The dog entered the Jerusalem financial court several weeks ago and would not leave, reports Israeli website Ynet.

It reminded a judge of a curse passed on a now deceased secular lawyer about 20 years ago, when judges bid his spirit to enter the body of a dog.

The animal is said to have escaped before the sentence was carried out.

One of the judges at the court in the city's ultra-Orthodox Mea Shearim neighbourhood had reportedly asked local children to carry out the sentence.

An animal welfare organisation filed a complaint with the police against a court official, who denied reports that judges had ordered the dog's stoning, according to Ynet.

But a court manager told Israeli daily Yediot Aharonot the stoning had been ordered as "as an appropriate way to 'get back at' the spirit which entered the poor dog", according to Ynet.

Dogs are considered impure animals in traditional Judaism.

The BBC just issued a retraction because their source's source admitted it was wrong.

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jewish_scientist wrote:
CorruptUser wrote:"What do you do for a living?"
"I fokk horses"
"Pardon?"
"Yes, Paarden".

Can someone explain this to me? Google Translate, the only way we true Americans can understand other languages, was useless.

Google Translate was able to figure it out for me...

I had it set on Chinese instead of Detect Languages. Oops.
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Re: In other news... (humorous news items, etc)

Postby Angua » Thu Nov 03, 2016 1:09 pm UTC

jewish_scientist wrote:The BBC just issued a retraction because their source's source admitted it was wrong.

Just? That retraction was in 2011.

I had completely forgotten about this story, but good to know it wasn't true.
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Re: In other news... (humorous news items, etc)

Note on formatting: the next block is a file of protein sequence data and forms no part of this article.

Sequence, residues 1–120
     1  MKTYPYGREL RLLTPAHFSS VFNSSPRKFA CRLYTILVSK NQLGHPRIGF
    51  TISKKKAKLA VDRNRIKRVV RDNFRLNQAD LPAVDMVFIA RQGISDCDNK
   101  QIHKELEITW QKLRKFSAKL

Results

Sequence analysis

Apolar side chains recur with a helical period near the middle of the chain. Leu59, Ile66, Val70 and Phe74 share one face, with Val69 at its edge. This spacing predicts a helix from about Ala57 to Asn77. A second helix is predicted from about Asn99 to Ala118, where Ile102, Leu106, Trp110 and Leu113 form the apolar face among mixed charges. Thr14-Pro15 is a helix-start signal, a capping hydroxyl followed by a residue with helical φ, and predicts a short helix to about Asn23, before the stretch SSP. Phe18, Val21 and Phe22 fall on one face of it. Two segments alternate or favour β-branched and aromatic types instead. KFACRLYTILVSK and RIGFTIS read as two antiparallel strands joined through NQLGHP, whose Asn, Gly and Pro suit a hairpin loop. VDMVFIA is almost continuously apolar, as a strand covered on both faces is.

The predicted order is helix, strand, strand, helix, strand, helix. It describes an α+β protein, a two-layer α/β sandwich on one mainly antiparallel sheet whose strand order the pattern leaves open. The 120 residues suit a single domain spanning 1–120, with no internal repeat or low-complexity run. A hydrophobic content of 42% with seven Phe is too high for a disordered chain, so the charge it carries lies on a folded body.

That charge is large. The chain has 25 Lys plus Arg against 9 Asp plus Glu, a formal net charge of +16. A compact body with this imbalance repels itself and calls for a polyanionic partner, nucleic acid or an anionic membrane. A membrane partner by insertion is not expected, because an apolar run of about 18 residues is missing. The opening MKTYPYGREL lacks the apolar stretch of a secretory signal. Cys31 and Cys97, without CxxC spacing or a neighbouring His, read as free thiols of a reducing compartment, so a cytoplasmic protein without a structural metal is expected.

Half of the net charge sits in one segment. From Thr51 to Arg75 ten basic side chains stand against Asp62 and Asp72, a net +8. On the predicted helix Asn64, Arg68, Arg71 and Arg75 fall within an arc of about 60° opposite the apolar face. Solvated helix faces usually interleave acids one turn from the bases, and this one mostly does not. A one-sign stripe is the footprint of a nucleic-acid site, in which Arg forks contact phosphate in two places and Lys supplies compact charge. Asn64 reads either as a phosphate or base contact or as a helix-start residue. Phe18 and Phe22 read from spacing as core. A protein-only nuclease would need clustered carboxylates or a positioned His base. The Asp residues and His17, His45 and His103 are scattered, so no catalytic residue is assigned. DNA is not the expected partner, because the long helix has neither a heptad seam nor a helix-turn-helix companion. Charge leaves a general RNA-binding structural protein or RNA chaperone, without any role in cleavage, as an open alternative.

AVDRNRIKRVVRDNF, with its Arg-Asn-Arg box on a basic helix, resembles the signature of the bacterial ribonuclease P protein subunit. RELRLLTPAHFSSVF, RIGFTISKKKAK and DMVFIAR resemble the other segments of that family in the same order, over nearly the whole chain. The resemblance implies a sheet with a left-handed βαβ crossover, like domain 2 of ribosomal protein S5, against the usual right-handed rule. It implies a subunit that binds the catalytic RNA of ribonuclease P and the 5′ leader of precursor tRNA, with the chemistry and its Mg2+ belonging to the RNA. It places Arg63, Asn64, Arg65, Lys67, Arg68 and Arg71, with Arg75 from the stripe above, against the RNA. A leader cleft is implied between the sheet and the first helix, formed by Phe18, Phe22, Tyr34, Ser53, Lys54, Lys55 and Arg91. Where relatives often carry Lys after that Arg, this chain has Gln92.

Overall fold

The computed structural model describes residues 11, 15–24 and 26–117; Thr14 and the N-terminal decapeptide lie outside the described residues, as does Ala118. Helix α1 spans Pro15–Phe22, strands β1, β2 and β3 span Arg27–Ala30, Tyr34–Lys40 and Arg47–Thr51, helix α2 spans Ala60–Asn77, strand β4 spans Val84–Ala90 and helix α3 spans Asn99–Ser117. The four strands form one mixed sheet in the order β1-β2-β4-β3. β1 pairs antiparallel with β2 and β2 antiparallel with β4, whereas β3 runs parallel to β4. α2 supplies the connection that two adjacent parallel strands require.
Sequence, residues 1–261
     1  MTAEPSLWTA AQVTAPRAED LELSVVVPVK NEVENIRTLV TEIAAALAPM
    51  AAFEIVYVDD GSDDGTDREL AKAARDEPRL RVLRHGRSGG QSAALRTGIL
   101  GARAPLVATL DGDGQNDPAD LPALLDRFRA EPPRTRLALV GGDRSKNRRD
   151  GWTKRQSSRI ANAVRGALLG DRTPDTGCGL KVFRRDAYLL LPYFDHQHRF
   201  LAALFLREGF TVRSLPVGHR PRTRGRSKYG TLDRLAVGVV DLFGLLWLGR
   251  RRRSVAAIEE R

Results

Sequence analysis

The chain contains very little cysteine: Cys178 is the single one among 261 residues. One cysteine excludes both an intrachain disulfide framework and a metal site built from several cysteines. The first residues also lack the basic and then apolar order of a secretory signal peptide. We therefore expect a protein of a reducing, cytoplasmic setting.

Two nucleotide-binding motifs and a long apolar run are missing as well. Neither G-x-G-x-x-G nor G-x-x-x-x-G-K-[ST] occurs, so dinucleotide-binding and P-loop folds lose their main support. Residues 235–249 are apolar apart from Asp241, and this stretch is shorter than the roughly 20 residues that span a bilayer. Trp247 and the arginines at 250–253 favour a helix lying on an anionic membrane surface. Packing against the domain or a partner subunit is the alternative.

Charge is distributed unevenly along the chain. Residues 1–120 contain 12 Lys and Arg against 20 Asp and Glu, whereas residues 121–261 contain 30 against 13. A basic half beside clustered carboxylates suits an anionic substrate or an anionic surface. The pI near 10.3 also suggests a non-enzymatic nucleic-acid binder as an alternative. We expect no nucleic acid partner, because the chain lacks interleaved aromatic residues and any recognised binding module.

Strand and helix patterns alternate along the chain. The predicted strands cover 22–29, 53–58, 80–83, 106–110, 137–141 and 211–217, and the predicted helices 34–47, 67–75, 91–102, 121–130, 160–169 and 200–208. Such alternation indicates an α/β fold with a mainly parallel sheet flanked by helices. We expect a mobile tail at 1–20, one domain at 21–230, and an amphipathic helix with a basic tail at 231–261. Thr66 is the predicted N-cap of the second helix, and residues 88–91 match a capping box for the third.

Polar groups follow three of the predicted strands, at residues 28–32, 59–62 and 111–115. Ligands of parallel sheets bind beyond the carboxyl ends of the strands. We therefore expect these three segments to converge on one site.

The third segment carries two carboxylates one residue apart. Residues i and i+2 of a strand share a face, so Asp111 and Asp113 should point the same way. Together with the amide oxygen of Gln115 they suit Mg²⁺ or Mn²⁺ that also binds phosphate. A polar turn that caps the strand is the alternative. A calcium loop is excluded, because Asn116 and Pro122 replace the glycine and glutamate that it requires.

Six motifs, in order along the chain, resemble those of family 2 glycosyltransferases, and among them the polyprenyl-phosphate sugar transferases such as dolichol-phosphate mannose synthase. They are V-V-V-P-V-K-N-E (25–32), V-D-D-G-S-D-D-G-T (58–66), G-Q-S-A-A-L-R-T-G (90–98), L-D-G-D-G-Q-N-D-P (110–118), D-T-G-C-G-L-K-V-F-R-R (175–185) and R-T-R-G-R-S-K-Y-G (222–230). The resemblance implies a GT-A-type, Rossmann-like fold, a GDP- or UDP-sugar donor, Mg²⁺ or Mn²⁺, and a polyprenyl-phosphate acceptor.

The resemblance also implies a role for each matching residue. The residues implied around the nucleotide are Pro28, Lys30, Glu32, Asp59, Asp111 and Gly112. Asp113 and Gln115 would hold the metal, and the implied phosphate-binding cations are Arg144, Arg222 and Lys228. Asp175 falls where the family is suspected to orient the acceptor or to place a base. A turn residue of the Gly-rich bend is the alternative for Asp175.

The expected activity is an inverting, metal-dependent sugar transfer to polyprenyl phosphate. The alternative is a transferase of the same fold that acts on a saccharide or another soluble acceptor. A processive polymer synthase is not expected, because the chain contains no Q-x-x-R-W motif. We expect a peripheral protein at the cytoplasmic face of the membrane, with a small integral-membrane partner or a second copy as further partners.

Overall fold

Postby Sableagle » Thu Nov 03, 2016 5:10 pm UTC

CorruptUser wrote:Except I've watched plenty of subtitled Japanese movies/shows, and all I've learned is that "HAI!" means "Yes sir/affirmative". That and "Battaru Royaru" is "battle royale".

Hai = yes
Iye = no
Wakarimasu = I understand
Konichi-wa = hello
Sayonara = goodbye
Arigato = thankyou
Domo arigato = thankyou very much
Gaijin = foreigner
Bo = staff
Ken = sword
Boken = wooden sword
Kara = empty
Karaoke = empty orchestra
Karate = empty hand
Shin Reppuzan = true gale slash

That last one's very important in one specific anime series.
Oh, Willie McBride, it was all done in vain.

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PeteP
What the peck?
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Joined: Tue Aug 23, 2011 4:51 pm UTC

Re: In other news... (humorous news items, etc)

Postby PeteP » Thu Nov 03, 2016 6:06 pm UTC

No "keikaku means plan"?

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CorruptUser
Posts: 10498
Joined: Fri Nov 06, 2009 10:12 pm UTC

Re: In other news... (humorous news items, etc)

Postby CorruptUser » Thu Nov 03, 2016 8:17 pm UTC

Well, if we add in DBZ, I guess I've learned...

-son - (honorific)
caccarot - carrot
vegeta - vegetable
buruma - bloomers
gohan - small meal
frieza - freezer
raditz - radish
kame - turtle

And I think "go-" just means small anything, really.